Hilda Doolittle, known by her initials H.D., was an American avant-garde poet and novelist. Her innovative and experimental work spanned five decades, and although she was primarily known as a poet, H.D. also wrote novels, memoirs and essays. She is best-known for her association with the Imagist movement, a pre-World War One poetic movement which championed clear, concise imagery and economic use of language.
Born in Bethlehem, Pennsylvania in 1886, H.D. was the only daughter in a family of five sons. In 1901, when she was fifteen, she met the poet and critic Ezra Pound who would later become instrumental in building her career. Although H.D. attended Bryn Mawr College, where she met poets Marianne Moore and William Carlos Williams, she dropped out before the end of her first year.
H.D. moved to London in 1911, and would remain in Europe until her death in 1961. During her early years in London, Pound introduced H.D. to a community of writers, which consisted of artists such as Yeats, Eliot, Ford Madox Ford and Wyndham Lewis.
In 1912, Imagism, the short-lived but highly influential literary movement which H.D. was a key part of, was launched in the tea shop of the British Museum. The Imagists rejected the sentimentality of Romanticism, but focused on writing poetry using direct language and non-traditional verse forms. The Imagists were also influenced by the intellectual climate of the early 20th century, and so their work was informed by Freud’s psychoanalytic theories (coincidentally, H.D. would undergo treatment with Freud later in her life), the visual art of post-Impressionism and Cubism, and the philosophy of Henri Bergson.
In the early days of Imagism, H.D. wrote Priapus and Hermes of the Ways. When Pound read them, he declared ‘this is poetry’ and christened Doolittle, H.D. In 1916, H.D.’s first collection of poetry, Sea Garden, was published. Also around this time, she became part of the editorial team at Egoist, a London-based literary magazine.
Whilst following the Imagist ethos, H.D.’s poetry also drew inspiration from classical civilization, but critically appraised it with a feminist lens. This is most obvious in H.D.’s poems Helen, Leda and Cassandra, which all give a conscious voice to the eponymous women but also critique their position in a patriarchal world. These themes become united in H.D.’s final poetry collection Helen in Egypt, which was written between 1952 – 54 and published in 1961. In Helen in Egypt, H.D. recentres the classic Greek epic narrative on the interior and emotional life of Helen of Troy.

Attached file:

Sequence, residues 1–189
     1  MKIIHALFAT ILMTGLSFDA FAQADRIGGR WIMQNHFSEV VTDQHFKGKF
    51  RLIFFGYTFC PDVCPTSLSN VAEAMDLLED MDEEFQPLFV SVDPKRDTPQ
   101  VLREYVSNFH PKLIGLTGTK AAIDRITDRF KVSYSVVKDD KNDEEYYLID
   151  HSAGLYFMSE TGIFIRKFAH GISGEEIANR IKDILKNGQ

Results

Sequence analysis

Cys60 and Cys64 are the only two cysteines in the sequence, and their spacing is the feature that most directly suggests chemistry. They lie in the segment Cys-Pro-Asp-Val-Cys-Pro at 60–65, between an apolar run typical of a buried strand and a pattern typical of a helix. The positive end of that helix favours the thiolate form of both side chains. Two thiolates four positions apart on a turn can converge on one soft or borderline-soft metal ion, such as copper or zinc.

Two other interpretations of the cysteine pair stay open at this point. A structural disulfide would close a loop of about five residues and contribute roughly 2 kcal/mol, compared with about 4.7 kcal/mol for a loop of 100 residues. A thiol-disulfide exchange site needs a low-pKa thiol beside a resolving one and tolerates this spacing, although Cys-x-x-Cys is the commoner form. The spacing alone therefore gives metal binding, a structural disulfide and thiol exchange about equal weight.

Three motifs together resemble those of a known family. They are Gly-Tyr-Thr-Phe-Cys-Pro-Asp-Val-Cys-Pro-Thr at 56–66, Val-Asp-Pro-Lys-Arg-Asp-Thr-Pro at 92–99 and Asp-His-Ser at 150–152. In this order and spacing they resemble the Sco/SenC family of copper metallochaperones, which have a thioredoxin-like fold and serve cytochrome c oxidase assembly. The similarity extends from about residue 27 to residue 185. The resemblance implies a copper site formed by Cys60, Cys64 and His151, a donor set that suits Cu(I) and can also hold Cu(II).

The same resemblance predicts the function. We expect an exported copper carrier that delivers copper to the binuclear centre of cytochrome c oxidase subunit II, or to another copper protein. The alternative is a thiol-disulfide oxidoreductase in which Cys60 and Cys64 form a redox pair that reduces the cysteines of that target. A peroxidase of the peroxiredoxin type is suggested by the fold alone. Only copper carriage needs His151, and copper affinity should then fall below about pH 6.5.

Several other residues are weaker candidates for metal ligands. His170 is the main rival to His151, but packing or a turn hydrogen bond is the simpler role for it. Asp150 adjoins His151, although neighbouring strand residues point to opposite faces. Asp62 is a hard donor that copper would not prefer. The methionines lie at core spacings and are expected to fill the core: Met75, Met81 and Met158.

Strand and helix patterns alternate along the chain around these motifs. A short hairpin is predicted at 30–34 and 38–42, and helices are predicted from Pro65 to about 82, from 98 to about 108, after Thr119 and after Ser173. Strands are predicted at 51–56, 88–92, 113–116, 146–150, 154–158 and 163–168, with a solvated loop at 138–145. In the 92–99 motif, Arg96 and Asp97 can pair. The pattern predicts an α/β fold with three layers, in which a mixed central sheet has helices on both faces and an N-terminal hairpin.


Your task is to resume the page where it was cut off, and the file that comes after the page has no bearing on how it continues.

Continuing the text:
In addition to being a prolific poet, H.D. wrote huge amounts of fiction in her lifetime. HERmione, HD’s most famous novel, is heavily influenced by the author’s experiences and explores same-sex desire and female creativity. Although written in 1927, HERmione wasn’t published until 1981. A number of H.D.’s novels, including Majic Ring, Pilate’s Wife, The Sword Went Out to Sea, White Rose and the Red and The Mystery, were all published after her death.
H.D. had relationships with men and women throughout her life, and her bisexuality was a topic she explored in her poetry and discussed extensively in her sessions with Freud. In 1907, she became engaged to Ezra Pound, but their engagement was called off in 1908, in part due to the continual opposition of H.D.’s family.
While studying at the Pennsylvania Academy of Fine Arts, H.D. was in a relationship with Frances Gregg. The pair sailed to Europe together, where H.D. met, and married, fellow Imagist poet Richard Aldington. During the war, H.D. and Aldington’s relationship deteriorated; H.D. had an affair with music historian Cecil Gray and developed a close friendship with D.H. Lawrence. At the end of the war, H.D. met lesbian novelist and editor, Bryher, and although the pair would continue to have other lovers, they remained in a relationship until H.D.’s death.
In 1960, H.D. travelled to America to accept the American Academy of Arts and Letters medal – she was the first woman to be awarded the honour – and died in Switzerland a year later. H.D.’s work was rediscovered by second-wave feminists of the 1970s, who were interested in questioning gender roles and were searching for a less androcentric literary tradition. As a result, much of her work was published and re-issued after her death by the prestigious publisher of avant-garde work, New Directions.